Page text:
Oscars!: The Imitation Game
Movie: The Imitation Game
Oscar Nominations: Best Picture, Best Actor (Benedict Cumberbatch), Best Supporting Actress (Kiera Knightly), Directing, Editing, Original Score, Production Design, and Best Adapted Screenplay
The Imitation Game is a movie about Alan Turing (Benedict Cumberbatch), largely during the war years when he was trying to build a machine to crack Enigma, but also going back to his childhood and forward to his eventual branding as a criminal (due to his homosexuality) and associated suicide at the age of 41.
The worst thing about Benedict Cumberbatch is how overused he's becoming in geek properties. The best thing is just how damn good an actor he is, as evidenced in this film. This is not to say that the rest of the cast weren't good -- they were, and I enjoyed Kiera Knightly as his primary foil and idea generator -- but honestly this was his vehicle and he plays it wonderfully. Well directed, well acted, well written... I really enjoyed it. It didn't give us Turing as a clearly gay man, as it didn't focus on his final relationship at all (we never meet his eventual lover who gets him caught, or learn the secret behind the burglary at his house). We never see him in a sexual way at all. What we do see is his emotional connections -- we learn about his first love, Christopher, and see that connected to his later work, as well as seeing his friendship with Joan and his efforts to work with others. The surprising thing, though, is that at the end, the final text to appear on screen focuses almost entirely on his end, the plight of homosexual men and women in England, and how he was eventually pardoned.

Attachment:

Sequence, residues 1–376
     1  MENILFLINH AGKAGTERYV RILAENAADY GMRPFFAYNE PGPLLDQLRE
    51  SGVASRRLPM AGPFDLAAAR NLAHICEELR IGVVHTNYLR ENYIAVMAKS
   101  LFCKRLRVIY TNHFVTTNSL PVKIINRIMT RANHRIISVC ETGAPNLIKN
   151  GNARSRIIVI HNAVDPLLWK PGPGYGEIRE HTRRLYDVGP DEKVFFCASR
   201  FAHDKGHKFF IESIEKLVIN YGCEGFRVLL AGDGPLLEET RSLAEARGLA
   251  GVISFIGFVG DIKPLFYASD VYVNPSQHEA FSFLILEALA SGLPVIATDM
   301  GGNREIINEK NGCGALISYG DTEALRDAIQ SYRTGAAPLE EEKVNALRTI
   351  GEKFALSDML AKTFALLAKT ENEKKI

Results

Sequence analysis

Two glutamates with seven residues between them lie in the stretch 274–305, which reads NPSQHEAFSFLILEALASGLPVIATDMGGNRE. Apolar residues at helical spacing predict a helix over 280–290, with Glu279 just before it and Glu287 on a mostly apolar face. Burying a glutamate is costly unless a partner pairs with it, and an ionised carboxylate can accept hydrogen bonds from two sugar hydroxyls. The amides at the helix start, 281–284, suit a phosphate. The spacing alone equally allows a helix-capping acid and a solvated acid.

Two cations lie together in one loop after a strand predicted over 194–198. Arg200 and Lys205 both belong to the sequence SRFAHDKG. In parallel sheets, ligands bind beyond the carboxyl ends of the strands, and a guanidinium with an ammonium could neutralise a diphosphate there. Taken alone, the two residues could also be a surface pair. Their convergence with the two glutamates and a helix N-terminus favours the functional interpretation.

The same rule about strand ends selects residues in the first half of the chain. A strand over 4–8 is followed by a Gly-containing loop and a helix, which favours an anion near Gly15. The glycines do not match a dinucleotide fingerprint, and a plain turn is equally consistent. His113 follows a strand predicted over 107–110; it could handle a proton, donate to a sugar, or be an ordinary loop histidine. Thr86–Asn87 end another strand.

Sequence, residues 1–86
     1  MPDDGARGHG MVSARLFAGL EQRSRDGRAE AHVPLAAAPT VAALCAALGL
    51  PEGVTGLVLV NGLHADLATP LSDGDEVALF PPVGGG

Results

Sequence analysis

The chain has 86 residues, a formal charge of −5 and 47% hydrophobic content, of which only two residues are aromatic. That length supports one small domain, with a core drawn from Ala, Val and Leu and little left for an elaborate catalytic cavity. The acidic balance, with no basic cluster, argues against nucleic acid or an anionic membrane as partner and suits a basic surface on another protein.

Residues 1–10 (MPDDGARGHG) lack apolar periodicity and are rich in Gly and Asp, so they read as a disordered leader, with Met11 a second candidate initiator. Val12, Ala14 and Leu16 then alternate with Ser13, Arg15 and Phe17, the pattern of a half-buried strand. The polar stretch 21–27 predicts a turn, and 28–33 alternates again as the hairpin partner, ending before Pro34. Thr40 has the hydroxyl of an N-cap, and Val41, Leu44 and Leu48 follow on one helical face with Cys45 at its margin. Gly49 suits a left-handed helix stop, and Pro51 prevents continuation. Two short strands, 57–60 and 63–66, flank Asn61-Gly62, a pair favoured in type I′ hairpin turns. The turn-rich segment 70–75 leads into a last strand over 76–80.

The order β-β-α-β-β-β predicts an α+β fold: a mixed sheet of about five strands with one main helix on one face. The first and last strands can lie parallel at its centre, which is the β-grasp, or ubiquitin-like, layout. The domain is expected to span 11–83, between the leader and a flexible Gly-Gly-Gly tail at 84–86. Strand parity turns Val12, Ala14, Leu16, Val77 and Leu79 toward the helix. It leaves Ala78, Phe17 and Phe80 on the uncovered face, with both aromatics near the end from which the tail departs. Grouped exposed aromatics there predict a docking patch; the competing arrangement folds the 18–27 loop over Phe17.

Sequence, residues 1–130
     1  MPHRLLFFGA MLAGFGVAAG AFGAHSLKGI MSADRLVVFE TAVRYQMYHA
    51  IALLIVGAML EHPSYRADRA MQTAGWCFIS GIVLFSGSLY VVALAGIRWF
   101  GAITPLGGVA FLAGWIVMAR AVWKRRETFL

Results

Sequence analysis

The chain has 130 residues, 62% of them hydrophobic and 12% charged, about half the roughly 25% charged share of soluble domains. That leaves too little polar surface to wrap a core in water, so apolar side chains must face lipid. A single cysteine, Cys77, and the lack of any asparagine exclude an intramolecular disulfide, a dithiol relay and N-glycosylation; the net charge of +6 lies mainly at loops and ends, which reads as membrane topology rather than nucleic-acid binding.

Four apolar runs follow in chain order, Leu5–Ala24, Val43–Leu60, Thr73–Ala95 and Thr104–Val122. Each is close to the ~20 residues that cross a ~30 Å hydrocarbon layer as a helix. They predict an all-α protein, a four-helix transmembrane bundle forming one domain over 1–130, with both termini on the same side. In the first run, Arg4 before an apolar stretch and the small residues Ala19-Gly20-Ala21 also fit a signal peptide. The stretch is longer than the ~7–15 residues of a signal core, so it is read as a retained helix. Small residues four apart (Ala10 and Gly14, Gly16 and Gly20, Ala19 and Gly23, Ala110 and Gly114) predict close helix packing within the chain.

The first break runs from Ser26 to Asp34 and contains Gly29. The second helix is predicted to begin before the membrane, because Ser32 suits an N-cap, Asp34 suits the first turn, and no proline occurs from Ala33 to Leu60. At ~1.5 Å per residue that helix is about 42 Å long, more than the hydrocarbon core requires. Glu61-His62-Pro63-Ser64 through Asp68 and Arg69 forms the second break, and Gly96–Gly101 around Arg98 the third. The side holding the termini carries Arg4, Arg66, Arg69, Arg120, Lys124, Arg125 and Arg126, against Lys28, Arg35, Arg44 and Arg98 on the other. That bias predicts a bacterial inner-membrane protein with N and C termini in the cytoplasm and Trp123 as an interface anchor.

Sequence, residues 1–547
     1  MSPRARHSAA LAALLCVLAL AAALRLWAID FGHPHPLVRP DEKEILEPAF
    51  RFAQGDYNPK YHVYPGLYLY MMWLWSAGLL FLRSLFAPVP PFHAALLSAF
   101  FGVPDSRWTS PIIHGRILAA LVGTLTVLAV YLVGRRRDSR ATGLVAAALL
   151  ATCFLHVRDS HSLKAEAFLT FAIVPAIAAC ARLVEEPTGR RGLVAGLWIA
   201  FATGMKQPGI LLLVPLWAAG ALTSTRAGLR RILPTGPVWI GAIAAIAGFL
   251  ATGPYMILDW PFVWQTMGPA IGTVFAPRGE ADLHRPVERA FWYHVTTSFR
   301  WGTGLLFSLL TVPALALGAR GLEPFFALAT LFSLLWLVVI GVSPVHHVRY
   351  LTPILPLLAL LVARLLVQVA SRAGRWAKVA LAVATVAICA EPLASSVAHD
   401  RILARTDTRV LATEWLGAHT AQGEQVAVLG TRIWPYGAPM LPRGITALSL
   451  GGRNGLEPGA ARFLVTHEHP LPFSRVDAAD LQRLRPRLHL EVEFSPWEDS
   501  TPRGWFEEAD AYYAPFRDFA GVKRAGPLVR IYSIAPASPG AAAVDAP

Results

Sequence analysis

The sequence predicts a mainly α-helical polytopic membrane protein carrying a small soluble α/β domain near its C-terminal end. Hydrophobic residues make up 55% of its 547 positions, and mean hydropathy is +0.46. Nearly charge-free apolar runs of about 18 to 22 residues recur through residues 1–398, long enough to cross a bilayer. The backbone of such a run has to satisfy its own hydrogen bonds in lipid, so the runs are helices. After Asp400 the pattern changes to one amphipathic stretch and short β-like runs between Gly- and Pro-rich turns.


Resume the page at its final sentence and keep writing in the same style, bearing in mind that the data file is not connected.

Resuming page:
The strange thing about this is... I really went through this movie thinking how great a focus it had on his social disabilities, not his orientation. It seemed at odds with the movie that came before, wherein Turing's relationships at Bletchley and before form the core of the film and the biggest challenges to be overcome.
I enjoyed this movie. I enjoyed Cumberbatch's performance. But that being said... I'm not sure why it's nominated for Best Picture. It's very good, don't misunderstand me, and I encourage you to see it if you haven't... but I think in the end it seemed very much a normal very good if slightly uneven film, and I can't quite determine why it was invited as a guest of honor to the party, if that makes sense. I don't know. We'll see.